Toronto Film Review: Oliver Stone’s ‘Snowden’

Snowden Movie Joseph Gordon-Levitt Shailene Woodley
Courtesy of Open Road

Oliver Stone's docudrama, starring Joseph Gordon-Levitt as the NSA whistleblower Edward Snowden, is the director's most exciting — and relevant — movie in years.

Let’s be honest: Oliver Stone hasn’t made an Oliver Stone movie that mattered in more than 20 years. The firebrand urgency that once defined his name — the way he directed films that seized the zeitgeist, that drove the conversation, that inspired controversy because of how they leapt into the drama of history — has, for too long, been trapped in the past. Which is not to say that Stone hasn’t tried. He has made films that bent over backwards to be topical, like the earnest and sentimental 9/11 requiem “World Trade Center,” or the goofy provocative political cartoon “W.,” or the cautionary-but-behind-the-curve financial thriller “Wall Street: Money Never Sleeps.” One or two of these movies “found an audience,” but none found a purpose; even when they managed to connect at the box office, they disappeared from the public consciousness like puffs of smoke.

But Stone’s exile in the desert of overheated irrelevance has now ended. “Snowden” isn’t just the director’s most exciting work since “Nixon” (1995) — it’s the most important and galvanizing political drama by an American filmmaker in years. Telling the story of Edward Snowden, the NSA contractor who became a whistleblower and fugitive by leaking documents that revealed the vast, spidery, paradigm-shifting scope of the new American surveillance state, Stone has made a movie that asks the audience to look, almost convulsively, at what this issue really means, and at who Edward Snowden really is.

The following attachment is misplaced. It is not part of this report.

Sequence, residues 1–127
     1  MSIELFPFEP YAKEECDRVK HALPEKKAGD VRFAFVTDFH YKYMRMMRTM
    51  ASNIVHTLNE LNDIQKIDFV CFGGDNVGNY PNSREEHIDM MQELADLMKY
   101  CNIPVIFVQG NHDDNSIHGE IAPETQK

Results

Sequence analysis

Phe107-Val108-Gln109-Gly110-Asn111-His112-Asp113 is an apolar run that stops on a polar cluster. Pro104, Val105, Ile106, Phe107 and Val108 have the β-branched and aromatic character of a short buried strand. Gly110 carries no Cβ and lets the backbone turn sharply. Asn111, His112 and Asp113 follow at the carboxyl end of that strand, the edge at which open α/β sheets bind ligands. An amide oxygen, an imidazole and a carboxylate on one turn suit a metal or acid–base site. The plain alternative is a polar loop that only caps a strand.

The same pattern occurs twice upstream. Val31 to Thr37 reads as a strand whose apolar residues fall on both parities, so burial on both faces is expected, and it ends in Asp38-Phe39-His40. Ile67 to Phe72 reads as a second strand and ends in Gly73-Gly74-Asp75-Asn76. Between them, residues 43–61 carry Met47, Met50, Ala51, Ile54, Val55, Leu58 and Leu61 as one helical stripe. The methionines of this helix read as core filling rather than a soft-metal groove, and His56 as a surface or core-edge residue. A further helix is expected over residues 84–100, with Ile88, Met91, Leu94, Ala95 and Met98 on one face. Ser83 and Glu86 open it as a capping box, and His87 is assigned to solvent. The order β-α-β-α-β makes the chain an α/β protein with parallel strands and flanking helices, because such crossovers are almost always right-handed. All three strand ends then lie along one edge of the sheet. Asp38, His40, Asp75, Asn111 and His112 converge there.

You might think you already know. Maybe you decided, a while back, that Snowden is a “traitor,” or that he went too far in leaking documents and revealing NSA secrets. Or maybe you saw “Citizenfour,” the 2014 Laura Poitras documentary that presented the interview Snowden gave just as he was going rogue, and you decided he’s one of the heroes of our time. But whether you’re pro-Snowden, anti-Snowden, or somewhere in between, Stone’s movie is sure to deepen your response to his actions, and to the whole evolution of the American intelligence community in the age of meta-technology. “Snowden” isn’t leftist-conspiratorial propaganda (though some may accuse it of being that). It’s a riveting procedural docudrama that takes a deep dive into what surveillance has become. In doing so, it’s a movie that — no small thing — makes Oliver Stone matter again.

It helps that Snowden, played with crisp magnetism by Joseph Gordon-Levitt, is the furthest thing from a crusader, or even a liberal. He’s a straitlaced, mild-mannered conservative brainiac who loves his country so much that he wants to devote his life to defending it. When we meet him, in 2004, he’s in basic training in the United States Army Reserve (it’s 9/11 that inspires him to join up), but he’s not really the athletic military type — he goes through the grueling exercises wearing clunky tortoise-shell glasses — and when he leaps off a bunk and breaks his leg, it’s because the pounding training has already slowly shattered his delicate bones. His career as a combat warrior is over before it begins. So he goes for the next best thing: a slot in the CIA, where the fight for U.S. security is already playing out on the battleground of the future — namely, cyberspace.